Finding Success in the Middle of the Market
Let's face it—the middle market isn't sexy. Sears isn't Victoria's Secret. But it can be very profitable to know how to play "midfield" adroitly, says professor and soccer enthusiast John Quelch. Key concepts include:
- Midfield represents the middle of the market, to which one end of the market aspires to trade up while the other end may have to trade down.
- A company controls midfield by fielding a complete product line that includes backs and forwards.
- Cost and service tradeoffs are required of companies that continue to dominate the middle ground.
Editor's Note: Harvard Business School professor John Quelch writes a blog on marketing issues, called Marketing Know: How, for Harvard Business Online. It is reprinted on HBS Working Knowledge.
In soccer, it's axiomatic that controlling midfield is critical to success. The team that controls midfield dictates the pace of play, gives its forwards and defenders more time to set up their plays, and breaks up attacks by the opposing team's front line.
In business, it's not fashionable to concentrate on midfield. Focus, we are told, is essential. But you either have to be a specialist niche provider of premium-priced products tailored to a particular customer segment, or you have to shoot for scale, using low prices and volume purchasing to attract a mass market and drive down your cost structure. Midfield has been characterized as a "ditch" populated by companies with lower returns on investment than those pursuing the first two strategies. The woes of once great retailers like Sears Roebuck are cited as evidence.
But midfield is critical. It represents the middle of the market, to which one end of the market aspires to trade up and the other end of the market may have to (for economic reasons) or decide to (for lifestyle reasons) to trade down. General Motors and Ford used to control midfield in the U.S. auto market with the Chevrolet Malibu and the Ford Taurus. Nowadays, the Toyota Camry controls midfield. That control is critical to Toyota's product line strategy.
It's not that Toyota only sells in the middle market. Far from it. They sell to all segments (except the luxury segment which they address with Lexus). But midfield is where the bell-curve distribution of auto buyers by price of car reaches its peak. Sales of midfield product are a bellwether for dealers and consumers alike. The other products in the line—and their relative prices—hinge on the midfield entry.
"Midfield is a moving target."
A company controls midfield by fielding a complete product line that includes backs and forwards. In its supermarkets, Tesco, the successful UK retailer, offers consumers three options—good, better and best—in most high turnover product categories. In addition, Tesco doesn't just sell groceries through one-size-fits-all supermarkets. Recognizing the need to shape as well as respond to an increasingly segmented market, Tesco reaches its consumers through at least seven different store formats, from convenient Tesco Express outlets at one end of the spectrum to full assortment hypermarkets at the other. But, within all its stores, Tesco implements the same merchandising principles: Better, Simpler, Cheaper.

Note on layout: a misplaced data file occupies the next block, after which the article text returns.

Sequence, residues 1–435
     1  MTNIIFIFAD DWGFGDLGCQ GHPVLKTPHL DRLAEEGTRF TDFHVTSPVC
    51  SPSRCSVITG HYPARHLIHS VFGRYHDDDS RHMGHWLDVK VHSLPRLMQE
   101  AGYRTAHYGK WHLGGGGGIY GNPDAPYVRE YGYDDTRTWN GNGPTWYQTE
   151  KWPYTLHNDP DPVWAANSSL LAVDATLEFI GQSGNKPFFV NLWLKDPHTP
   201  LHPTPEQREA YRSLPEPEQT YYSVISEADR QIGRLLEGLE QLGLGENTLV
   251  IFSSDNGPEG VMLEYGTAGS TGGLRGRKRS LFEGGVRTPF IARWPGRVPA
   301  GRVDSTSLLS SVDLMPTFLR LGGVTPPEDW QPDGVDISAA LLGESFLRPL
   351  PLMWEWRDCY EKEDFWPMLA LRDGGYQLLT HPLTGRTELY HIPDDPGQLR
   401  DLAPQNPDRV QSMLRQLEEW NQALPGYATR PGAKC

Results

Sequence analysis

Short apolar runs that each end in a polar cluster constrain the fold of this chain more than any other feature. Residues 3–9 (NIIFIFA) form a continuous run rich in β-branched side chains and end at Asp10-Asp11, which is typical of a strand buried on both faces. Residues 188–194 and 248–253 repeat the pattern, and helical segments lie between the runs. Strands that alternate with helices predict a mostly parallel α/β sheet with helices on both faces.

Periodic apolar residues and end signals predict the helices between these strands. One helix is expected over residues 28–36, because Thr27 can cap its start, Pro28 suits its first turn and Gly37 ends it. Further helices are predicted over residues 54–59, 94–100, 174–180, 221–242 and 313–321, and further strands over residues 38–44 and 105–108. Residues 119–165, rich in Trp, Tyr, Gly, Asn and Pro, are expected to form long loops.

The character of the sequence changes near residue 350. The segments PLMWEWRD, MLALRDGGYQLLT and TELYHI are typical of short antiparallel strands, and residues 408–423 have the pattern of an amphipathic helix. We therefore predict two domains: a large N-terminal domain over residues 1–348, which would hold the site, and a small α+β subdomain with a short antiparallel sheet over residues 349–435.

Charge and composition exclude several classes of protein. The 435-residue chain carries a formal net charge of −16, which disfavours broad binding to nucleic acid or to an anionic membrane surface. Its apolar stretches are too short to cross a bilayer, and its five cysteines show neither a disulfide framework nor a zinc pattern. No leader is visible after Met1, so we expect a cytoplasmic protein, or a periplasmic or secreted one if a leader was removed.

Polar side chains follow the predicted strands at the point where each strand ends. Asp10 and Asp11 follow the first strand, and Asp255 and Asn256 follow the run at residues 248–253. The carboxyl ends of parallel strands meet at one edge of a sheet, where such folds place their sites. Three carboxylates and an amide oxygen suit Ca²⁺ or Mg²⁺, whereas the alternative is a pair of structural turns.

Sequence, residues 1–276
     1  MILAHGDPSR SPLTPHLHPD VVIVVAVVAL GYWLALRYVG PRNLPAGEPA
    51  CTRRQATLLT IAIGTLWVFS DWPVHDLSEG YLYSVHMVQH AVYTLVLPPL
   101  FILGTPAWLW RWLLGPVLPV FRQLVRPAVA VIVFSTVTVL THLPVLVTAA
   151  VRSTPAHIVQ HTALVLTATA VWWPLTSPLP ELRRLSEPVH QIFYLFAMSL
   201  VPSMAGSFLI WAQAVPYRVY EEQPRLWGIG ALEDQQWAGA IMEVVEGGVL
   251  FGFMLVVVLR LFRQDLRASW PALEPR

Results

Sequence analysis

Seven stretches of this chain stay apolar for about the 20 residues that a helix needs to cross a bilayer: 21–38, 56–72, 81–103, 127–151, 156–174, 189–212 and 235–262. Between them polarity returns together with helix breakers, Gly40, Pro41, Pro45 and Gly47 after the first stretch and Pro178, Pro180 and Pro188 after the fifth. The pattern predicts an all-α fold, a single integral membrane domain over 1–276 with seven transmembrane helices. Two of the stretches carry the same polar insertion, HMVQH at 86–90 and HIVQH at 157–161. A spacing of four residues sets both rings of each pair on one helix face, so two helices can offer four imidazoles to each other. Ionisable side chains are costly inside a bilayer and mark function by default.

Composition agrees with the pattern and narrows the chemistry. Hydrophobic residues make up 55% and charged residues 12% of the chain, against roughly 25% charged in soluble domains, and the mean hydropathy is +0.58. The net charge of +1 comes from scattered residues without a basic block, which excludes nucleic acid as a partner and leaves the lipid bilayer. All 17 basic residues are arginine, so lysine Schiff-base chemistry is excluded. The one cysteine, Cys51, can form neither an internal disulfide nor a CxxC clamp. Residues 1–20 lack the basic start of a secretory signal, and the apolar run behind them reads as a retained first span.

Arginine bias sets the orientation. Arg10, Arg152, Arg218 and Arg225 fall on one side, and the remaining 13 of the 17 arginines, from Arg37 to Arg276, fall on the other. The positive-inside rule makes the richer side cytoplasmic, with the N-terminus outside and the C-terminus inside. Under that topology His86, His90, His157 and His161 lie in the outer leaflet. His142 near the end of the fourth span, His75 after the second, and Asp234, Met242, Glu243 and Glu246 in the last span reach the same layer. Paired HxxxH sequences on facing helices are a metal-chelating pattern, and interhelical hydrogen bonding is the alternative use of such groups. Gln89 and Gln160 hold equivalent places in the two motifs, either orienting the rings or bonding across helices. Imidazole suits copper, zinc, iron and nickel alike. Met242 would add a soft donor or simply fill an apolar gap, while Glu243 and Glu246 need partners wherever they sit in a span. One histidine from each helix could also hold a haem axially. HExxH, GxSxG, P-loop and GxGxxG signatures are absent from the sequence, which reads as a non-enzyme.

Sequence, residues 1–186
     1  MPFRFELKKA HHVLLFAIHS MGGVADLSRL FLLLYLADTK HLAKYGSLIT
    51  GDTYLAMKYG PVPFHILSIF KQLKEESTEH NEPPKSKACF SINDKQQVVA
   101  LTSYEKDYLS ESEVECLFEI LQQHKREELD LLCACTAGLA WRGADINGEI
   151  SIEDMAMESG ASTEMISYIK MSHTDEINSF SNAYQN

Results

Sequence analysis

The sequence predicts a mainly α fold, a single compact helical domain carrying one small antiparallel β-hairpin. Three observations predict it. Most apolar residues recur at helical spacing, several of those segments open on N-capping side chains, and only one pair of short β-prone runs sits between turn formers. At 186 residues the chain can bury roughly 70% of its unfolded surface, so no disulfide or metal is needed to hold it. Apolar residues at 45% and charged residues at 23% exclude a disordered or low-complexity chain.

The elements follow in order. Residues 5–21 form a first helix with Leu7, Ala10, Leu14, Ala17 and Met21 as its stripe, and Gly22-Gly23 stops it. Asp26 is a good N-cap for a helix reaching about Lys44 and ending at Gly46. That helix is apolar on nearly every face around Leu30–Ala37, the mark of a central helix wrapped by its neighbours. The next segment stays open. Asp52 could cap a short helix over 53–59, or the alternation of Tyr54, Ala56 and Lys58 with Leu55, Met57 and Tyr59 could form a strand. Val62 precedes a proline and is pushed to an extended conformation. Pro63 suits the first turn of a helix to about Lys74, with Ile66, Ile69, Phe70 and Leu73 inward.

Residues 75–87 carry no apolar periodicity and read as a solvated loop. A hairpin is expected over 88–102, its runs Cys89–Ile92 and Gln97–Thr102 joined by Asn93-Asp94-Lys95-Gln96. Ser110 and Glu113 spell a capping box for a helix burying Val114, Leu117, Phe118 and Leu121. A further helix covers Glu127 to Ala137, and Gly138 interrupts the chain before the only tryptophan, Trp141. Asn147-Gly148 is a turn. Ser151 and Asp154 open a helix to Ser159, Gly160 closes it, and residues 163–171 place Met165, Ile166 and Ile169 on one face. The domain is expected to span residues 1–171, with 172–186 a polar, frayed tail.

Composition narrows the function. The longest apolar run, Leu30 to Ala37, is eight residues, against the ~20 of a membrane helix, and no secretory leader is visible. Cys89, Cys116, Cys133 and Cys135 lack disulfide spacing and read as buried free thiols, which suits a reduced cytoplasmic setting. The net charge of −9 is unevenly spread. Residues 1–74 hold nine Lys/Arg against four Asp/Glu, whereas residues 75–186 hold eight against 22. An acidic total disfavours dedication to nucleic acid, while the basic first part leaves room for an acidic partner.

Talk to Chuck
The question arises: Can a company control midfield by playing only in midfield? The answer is "yes" but only if there is a precise and persuasive value proposition. Until three years ago, Charles Schwab had lost its way. The former king of discount brokerage had let its cost structure drift upwards and its prices had been undercut by Ameritrade and E*trade. Research identified a large middle market of investors, bruised by the end of the dot-com bubble, in need of more advice and brand assurance than Vanguard and Fidelity provided but without enough investable assets to be important to Merrill Lynch. The successful "Talk to Chuck" campaign appealed to this group, presenting Charles Schwab as an approachable partner serving the best interests of investors. Charles Schwab's asset growth over the past two years has topped the industry charts.
Midfield is a moving target. If Charles Schwab serves its customers well, their assets will grow to the point that they'll need more sophisticated services and advice. To control midfield, companies like Charles Schwab must stay consistent in their positioning but also respond to the evolving needs of their existing customers with new products and services. Very careful cost and service tradeoffs are required of companies that continue to dominate the middle ground.
Nowhere is controlling midfield more important than politics. With just two mainstream political parties evenly balanced, the winner is invariably the party that appeals best to "middle class values" and "middle America" and that captures a majority of the independents in the middle. The middle may not be as clearcut or exciting as the left or the right. It is a fuzzy zone that requires constant compromise. Yet midfield is where the votes are.
Do you agree that controlling midfield is a viable strategy? Can you think of other success stories?
Join the discussion on Harvard Business Online.